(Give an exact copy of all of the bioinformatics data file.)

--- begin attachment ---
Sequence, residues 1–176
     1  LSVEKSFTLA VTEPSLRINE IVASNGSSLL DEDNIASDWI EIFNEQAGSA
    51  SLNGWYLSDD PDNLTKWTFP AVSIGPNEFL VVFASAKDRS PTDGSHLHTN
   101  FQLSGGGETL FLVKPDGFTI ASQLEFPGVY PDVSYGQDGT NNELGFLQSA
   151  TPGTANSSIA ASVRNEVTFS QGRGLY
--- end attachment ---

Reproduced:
Sequence, residues 1–176
     1  LSVEKSFTLA VTEPSLRINE IVASNGSSLL DEDNIASDWI EIFNEQAGSA
    51  SLNGWYLSDD PDNLTKWTFP AVSIGPNEFL VVFASAKDRS PTDGSHLHTN
   101  FQLSGGGETL FLVKPDGFTI ASQLEFPGVY PDVSYGQDGT NNELGFLQSA
   151  TPGTANSSIA ASVRNEVTFS QGRGLY